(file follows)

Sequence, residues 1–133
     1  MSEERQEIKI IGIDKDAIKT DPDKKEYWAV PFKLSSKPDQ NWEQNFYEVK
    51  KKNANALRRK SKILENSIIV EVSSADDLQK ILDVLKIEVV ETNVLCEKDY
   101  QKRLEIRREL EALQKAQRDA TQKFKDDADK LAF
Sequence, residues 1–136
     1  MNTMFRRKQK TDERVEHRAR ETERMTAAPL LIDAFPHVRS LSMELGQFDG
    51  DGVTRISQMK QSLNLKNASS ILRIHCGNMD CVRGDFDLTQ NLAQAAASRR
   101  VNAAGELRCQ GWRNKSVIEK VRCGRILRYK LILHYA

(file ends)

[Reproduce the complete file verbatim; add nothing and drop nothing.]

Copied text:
Sequence, residues 1–133
     1  MSEERQEIKI IGIDKDAIKT DPDKKEYWAV PFKLSSKPDQ NWEQNFYEVK
    51  KKNANALRRK SKILENSIIV EVSSADDLQK ILDVLKIEVV ETNVLCEKDY
   101  QKRLEIRREL EALQKAQRDA TQKFKDDADK LAF
Sequence, residues 1–136
     1  MNTMFRRKQK TDERVEHRAR ETERMTAAPL LIDAFPHVRS LSMELGQFDG
    51  DGVTRISQMK QSLNLKNASS ILRIHCGNMD CVRGDFDLTQ NLAQAAASRR
   101  VNAAGELRCQ GWRNKSVIEK VRCGRILRYK LILHYA